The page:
The copy we are selling is similar to the one pictured above.
Side One: Mint Minus to Mint Minus Minus
Side Two: Mint Minus to Mint Minus Minus
- This excellent UK import copy (one of only a handful to hit the site in three years) boasts two solid Double Plus (A++) sides - exceptionally quiet vinyl too
- "Who Can It Be Now" and "Down Under" are the big hits, and we guarantee you've never heard them sound as good as they do on this vintage pressing
- Big and full-bodied, and much smoother than most, with an abundance of energy, the sound here immediately set the sonic bar very high
- "The production sound was low-key, but clean and uncluttered. Indeed, the songs stood by themselves with little embellishment save for a bright, melodic, singalong quality."
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As a bit of background just in case you are not familiar with the album, the domestic pressings are horrendously bright. We have never played one that didn't sound like the treble was jacked up to a level just this side of ear-bleed.
The only way to hear this album sound right is on Australian, Dutch, British and, more than a little surprisingly, even Japanese vinyl. Yes, we have heard them all. We've liked about one out of every one hundred Japanese pressings we've played over the last twenty years. We were surprised to find that the Japanese copy of Business As Usual we played many years ago was pretty good, for what that's worth. (We can't be sure that on our current system with our current ears we would feel the same.)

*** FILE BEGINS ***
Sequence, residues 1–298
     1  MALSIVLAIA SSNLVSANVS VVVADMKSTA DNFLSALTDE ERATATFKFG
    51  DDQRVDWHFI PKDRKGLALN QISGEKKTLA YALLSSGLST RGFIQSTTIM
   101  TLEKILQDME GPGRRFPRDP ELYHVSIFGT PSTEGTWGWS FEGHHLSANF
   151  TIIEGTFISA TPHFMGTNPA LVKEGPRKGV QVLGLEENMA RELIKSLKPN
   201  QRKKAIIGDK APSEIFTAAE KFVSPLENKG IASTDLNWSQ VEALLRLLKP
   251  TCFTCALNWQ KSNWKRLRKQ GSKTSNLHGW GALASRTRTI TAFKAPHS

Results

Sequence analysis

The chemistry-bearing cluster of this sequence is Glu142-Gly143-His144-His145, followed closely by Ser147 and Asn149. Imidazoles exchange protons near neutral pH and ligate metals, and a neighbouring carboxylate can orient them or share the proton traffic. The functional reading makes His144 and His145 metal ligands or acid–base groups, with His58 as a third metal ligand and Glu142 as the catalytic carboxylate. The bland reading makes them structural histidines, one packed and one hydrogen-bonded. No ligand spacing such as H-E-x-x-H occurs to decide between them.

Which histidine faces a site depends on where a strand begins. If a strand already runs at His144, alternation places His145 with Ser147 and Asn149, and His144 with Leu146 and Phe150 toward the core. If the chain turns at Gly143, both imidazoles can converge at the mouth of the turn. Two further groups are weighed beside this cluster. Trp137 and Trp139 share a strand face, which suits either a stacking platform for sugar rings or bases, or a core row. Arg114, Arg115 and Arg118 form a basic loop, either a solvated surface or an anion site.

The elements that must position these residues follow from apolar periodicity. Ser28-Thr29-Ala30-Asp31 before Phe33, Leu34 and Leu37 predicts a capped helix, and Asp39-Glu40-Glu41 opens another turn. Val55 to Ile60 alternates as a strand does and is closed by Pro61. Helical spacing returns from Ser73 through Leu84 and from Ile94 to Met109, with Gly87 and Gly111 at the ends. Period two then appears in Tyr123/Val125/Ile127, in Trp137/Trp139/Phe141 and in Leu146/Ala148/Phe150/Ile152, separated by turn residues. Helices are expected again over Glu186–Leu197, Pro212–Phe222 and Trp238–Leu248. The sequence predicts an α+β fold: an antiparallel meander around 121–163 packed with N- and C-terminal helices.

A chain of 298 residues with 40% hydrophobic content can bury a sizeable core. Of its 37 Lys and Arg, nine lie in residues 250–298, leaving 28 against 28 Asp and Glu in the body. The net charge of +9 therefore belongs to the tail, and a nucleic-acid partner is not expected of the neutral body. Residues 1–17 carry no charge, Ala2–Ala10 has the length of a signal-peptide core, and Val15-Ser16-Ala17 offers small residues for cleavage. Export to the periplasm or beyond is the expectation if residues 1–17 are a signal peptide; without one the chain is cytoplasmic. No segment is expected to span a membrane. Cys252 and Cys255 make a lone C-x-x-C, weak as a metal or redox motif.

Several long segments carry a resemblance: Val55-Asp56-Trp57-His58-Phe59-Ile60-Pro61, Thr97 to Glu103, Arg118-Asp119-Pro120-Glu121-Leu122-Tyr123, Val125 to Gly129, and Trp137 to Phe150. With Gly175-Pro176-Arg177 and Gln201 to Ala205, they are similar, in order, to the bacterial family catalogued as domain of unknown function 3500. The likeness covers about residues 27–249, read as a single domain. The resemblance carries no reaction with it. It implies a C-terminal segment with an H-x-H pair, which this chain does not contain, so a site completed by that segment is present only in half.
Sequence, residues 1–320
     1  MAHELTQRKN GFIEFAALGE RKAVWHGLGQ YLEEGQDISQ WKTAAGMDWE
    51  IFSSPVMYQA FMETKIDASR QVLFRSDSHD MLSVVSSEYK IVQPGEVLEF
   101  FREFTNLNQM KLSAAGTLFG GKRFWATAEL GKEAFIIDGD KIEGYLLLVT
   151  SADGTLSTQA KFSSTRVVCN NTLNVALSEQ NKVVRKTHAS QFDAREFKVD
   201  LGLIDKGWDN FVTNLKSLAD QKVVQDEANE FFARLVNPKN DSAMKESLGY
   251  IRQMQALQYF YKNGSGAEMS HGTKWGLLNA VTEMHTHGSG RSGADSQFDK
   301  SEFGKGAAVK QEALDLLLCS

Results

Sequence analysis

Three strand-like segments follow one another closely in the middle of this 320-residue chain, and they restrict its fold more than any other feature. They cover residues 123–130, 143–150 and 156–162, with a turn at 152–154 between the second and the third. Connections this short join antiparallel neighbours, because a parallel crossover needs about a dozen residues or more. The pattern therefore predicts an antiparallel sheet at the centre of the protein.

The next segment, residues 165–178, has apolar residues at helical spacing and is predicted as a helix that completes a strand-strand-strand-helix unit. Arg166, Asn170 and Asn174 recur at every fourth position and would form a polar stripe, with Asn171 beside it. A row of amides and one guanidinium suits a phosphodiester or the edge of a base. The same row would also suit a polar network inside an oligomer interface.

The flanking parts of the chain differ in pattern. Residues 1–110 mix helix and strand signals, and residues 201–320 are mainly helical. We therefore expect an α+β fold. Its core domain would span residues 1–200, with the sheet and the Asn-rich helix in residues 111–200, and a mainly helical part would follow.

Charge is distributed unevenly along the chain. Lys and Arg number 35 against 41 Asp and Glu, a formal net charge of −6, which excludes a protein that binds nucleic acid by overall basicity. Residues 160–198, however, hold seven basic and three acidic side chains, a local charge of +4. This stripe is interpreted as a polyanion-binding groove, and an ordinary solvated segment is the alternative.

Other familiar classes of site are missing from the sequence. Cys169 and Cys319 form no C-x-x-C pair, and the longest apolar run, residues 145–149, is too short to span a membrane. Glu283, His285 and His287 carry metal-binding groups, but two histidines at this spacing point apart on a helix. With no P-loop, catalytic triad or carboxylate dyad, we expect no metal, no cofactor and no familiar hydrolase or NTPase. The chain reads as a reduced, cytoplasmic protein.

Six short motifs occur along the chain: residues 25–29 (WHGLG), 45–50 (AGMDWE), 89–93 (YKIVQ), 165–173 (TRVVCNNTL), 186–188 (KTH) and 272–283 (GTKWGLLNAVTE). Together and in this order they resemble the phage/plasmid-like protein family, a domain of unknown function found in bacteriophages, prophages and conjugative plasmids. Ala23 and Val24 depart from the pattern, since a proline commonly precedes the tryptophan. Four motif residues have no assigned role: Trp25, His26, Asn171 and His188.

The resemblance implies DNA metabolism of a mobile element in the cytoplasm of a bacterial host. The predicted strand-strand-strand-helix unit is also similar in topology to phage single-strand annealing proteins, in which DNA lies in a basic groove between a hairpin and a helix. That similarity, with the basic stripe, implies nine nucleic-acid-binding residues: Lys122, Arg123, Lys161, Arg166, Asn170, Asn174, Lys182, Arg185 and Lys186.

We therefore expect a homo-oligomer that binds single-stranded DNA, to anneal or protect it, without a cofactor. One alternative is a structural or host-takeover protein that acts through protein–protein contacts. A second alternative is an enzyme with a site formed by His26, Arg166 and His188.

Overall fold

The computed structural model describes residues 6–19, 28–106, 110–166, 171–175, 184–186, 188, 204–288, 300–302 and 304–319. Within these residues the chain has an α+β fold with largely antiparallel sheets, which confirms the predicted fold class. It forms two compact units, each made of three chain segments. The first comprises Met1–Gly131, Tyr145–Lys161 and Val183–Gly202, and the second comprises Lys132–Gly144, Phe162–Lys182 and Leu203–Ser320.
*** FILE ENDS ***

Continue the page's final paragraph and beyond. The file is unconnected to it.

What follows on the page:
We tend to prefer the Brits but it seems that any import is worth a listen. The key, as always, is in the mastering and pressing.
What The Best Sides Of Business As Ususal Have To Offer Is Not Hard To Hear
- The biggest, most immediate staging in the largest acoustic space
- The most Tubey Magic, without which you have almost nothing. CDs give you clean and clear. Only the best vintage vinyl pressings offer the kind of Tubey Magic that was on the tapes even as late as 1981
- Tight, note-like, rich, full-bodied bass, with the correct amount of weight down low
- Natural tonality in the midrange -- with all the instruments having the correct timbre
- Transparency and resolution, critical to hearing into the three-dimensional studio space
No doubt there's more but we hope that should do for now. Playing the record is the only way to hear all of the qualities we discuss above, and playing the best pressings against a pile of other copies under rigorously controlled conditions is the only way to find a pressing that sounds as good as this one does.